The client did a walk through a few hours before “go.” He wanted us to cover the barbed wire fence. There were no local materials which would take care of this. However, our logistics coordinator, with all his ingenuity, went across to the exhibit hall and, as they were dismantling the tradeshow, had them bring carpeting across the bridge to cover the fence. Hundreds of meters of fence. To connect it we needed zip strips also known as zip ties, but no one in Scotland had ever heard of them. Once we gave an in-depth description, it was decided that what we were looking for were "cables." We drove to a local hardware store, where they were sold by the piece as opposed to being sold in packages of 100 in the U.S.
Final walk through. Marquee up. Floor down. Doors … the doors were still not completed and were being painted. None had knobs. We asked why. Blank stares.
"Ye didna ask for doorknobs, mon."
Bungee cords were installed to open the doors. Necessity is the mother of invention.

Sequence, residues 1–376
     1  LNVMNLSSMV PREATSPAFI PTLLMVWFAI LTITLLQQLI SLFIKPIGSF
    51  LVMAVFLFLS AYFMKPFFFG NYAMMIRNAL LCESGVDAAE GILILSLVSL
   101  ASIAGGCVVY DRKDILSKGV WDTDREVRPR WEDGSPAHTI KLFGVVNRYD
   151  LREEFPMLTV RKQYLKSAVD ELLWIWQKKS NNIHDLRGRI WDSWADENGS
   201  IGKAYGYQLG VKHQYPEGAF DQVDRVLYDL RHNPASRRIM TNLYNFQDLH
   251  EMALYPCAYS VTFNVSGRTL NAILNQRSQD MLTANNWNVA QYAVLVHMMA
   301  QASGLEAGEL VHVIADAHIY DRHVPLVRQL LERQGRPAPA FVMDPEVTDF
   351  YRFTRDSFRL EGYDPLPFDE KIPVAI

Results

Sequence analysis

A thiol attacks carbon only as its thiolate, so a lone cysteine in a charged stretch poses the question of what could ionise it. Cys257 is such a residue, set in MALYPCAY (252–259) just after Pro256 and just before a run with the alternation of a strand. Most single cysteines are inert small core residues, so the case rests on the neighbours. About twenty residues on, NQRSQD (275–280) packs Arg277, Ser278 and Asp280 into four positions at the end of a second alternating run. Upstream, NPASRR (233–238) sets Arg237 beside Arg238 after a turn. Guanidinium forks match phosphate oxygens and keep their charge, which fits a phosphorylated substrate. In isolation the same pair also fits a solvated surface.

All the kitchen equipment arrived. Then the centerpieces, which were placed on the sides of the tables. Funny, I could have sworn that the definition of "center" piece meant that it went in the middle of the table. Moving 300 centerpieces an hour before the event is exhausting, especially considering that every table was pinspotted. If we hadn't done so, we would have had a pinspot in the center and the centerpiece on the side! When I asked the florist why she did that, she replied, "That’s where the sugar and creamer go.”
Dinner: Salad arrived with a police escort. Since it had to go slow through rush hour traffic and it was on tray stands, the caterer protected it with a sirened escort. Glasgow has a code on how long food can be pre-set on a table, so it had to arrive at almost the last minute. Which meant that the first music our guests heard was the sound of police sirens … many of them.
Then came the billing and VAT. But that's another story.